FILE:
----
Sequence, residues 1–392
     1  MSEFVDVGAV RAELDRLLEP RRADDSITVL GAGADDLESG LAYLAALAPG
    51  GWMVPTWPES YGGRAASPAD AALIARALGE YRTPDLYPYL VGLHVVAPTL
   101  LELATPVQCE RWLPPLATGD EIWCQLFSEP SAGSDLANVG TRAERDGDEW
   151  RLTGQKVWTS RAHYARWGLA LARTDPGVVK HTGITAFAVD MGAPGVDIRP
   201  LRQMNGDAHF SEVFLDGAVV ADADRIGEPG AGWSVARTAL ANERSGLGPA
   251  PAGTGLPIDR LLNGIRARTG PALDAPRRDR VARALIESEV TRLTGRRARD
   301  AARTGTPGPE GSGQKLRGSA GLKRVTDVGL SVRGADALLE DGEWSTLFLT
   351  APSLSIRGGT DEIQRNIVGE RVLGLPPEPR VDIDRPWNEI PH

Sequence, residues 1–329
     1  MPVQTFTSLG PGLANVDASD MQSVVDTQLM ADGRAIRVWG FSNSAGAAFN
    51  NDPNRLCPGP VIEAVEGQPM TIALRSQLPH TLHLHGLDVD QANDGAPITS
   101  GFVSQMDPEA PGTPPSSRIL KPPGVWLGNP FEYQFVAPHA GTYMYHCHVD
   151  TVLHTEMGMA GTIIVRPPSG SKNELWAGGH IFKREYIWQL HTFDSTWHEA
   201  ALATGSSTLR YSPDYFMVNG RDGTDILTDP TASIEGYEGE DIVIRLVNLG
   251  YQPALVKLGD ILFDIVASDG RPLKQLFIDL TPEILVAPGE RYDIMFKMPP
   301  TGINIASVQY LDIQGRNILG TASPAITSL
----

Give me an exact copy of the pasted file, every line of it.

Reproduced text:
Sequence, residues 1–392
     1  MSEFVDVGAV RAELDRLLEP RRADDSITVL GAGADDLESG LAYLAALAPG
    51  GWMVPTWPES YGGRAASPAD AALIARALGE YRTPDLYPYL VGLHVVAPTL
   101  LELATPVQCE RWLPPLATGD EIWCQLFSEP SAGSDLANVG TRAERDGDEW
   151  RLTGQKVWTS RAHYARWGLA LARTDPGVVK HTGITAFAVD MGAPGVDIRP
   201  LRQMNGDAHF SEVFLDGAVV ADADRIGEPG AGWSVARTAL ANERSGLGPA
   251  PAGTGLPIDR LLNGIRARTG PALDAPRRDR VARALIESEV TRLTGRRARD
   301  AARTGTPGPE GSGQKLRGSA GLKRVTDVGL SVRGADALLE DGEWSTLFLT
   351  APSLSIRGGT DEIQRNIVGE RVLGLPPEPR VDIDRPWNEI PH

Sequence, residues 1–329
     1  MPVQTFTSLG PGLANVDASD MQSVVDTQLM ADGRAIRVWG FSNSAGAAFN
    51  NDPNRLCPGP VIEAVEGQPM TIALRSQLPH TLHLHGLDVD QANDGAPITS
   101  GFVSQMDPEA PGTPPSSRIL KPPGVWLGNP FEYQFVAPHA GTYMYHCHVD
   151  TVLHTEMGMA GTIIVRPPSG SKNELWAGGH IFKREYIWQL HTFDSTWHEA
   201  ALATGSSTLR YSPDYFMVNG RDGTDILTDP TASIEGYEGE DIVIRLVNLG
   251  YQPALVKLGD ILFDIVASDG RPLKQLFIDL TPEILVAPGE RYDIMFKMPP
   301  TGINIASVQY LDIQGRNILG TASPAITSL